At first, it looked like a glimmer of hope for the beleaguered state of California.
Meg Whitman, an accomplished business executive with the very consumer friendly “Ebay” name attached to her own, was leading slightly in the fight to be California’s next Governor. It was still a tight race, yes, but Democratic gubernatorial nominee (and the guy who was California Governor when I was in 5th grade) Jerry Brown, a perennial government employee, was struggling to find a compelling message amid the anti-Obama backlash.
And then Ms. Whitman (and her entire family) got hit with a very ugly surprise. Nicky Diaz, a former employee of the Whitman family, spoke at a press conference orchestrated by left-winger attorney Gloria Allred to announce that they were suing Meg Whitman for $6, 210.00. Diaz and her attorneys were alleging distress and “damages” from the way Diaz was treated during her term of employment with the Whitmans, and from the fact that Whitman was so insensitive as to have “fired” Ms. Diaz (is employment termination no longer permitted in Obama’s America?).
After this disgraceful press conference, the discussion about who should be California’s next Governor devolved into a TMZ-Perez Hilton – styled gossip fest about Nicky and Meg. While Whitman quickly responded by dismissing the law suit as “Jerry Brown politics,” Jerry Brown insisted he had nothing to do with “it.” Whitman was also forced to abandon her campaign message – at least a little bit, anyway – and to answer questions about her relationship with Nicky Diaz.
Whitman explained that Diaz had been a live-in family housemaid from 2000 to 2009, and earned $23.00 an hour. According to Whitman, Diaz had provided all the appropriate “paperwork” to demonstrate that she was residing in California legally. Whitman apparently did not become aware of Diaz’ “illegal” status until 2009 (the same year that Whitman decided to run for Governor, interestingly enough), whereupon Whitman did the only thing she could do to bring herself into compliance with federal law – she terminated Diaz’ employment.For her part, Diaz’ story was fascinating. She openly confessed to using somebody else’s Social Security number for the purpose of duping both Whitman, and immigration authorities. And never mind the fact that she held a steady fulltime job for nine years earning $23.00 an hour while living in a plush home the likes of which most Americans will never experience. Being “used” for a time by Meg Whitman and then being callously “discarded” was emotionally painful, and Diaz needed retribution. As she put it, speaking through her broken, Hispanic-tinged English, “I’m doing this for all the other Nicky’s…”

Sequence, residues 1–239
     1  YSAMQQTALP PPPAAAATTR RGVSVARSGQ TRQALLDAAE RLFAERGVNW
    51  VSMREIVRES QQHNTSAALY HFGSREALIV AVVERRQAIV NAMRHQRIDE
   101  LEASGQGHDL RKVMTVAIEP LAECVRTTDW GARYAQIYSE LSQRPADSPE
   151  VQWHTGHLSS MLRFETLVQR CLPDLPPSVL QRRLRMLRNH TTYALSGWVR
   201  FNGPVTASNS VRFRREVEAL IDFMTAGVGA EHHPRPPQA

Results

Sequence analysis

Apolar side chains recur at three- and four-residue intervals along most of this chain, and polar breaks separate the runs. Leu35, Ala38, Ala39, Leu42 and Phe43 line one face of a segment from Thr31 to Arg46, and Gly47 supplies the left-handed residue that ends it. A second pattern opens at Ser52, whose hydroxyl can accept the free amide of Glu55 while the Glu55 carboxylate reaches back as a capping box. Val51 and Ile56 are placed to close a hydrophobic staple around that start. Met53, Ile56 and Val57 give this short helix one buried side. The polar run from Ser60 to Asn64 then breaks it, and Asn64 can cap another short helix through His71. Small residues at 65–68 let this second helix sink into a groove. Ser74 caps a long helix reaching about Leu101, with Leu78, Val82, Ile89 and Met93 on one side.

Shortly thereafter when Whitman and Brown met in Fresno for the second of three California gubernatorial debates, Whitman was forced to again tell “her side of the story” – she was given falsified documents that showed Diaz to be “legal,” but when she realized that Diaz was “illegal” she had to fire Diaz. Brown conveniently ignored the legal entanglements, and simply stated that, because she fired Nicky Diaz from her job, Whitman had failed the most basic tests of “decency” and “respect.”
Today, polling data indicates that Brown is leading Whitman by roughly six percentage points. It’s not “over” for Whitman, not by any means, and she could still win. But it is difficult to suggest that she hasn’t been damaged by this embarrassing scenario.
This is an “emotional matter,” to be sure. But let’s step away from the “feelings” for a moment and talk about some facts.
Jerry Brown, currently California’s Attorney General and, as such, California’s top law enforcement agent, has had absolutely nothing to say about any of the lawlessness of Nicky Diaz. He has played politics with this matter, and even insisted that Meg Whitman behaved in an “insensitive” and “indecent” fashion by firing the illegal immigration Diaz.
Yet Meg Whitman hasn’t exactly been forthcoming, either. She has yet to state the obvious about this situation – that Nicky Diaz has violated U.S. federal law, and continues to do so.
It would seem that stating the obvious about crime, and lawlessness, is just too politically “dangerous” – especially when the “obvious” involves illegal immigration.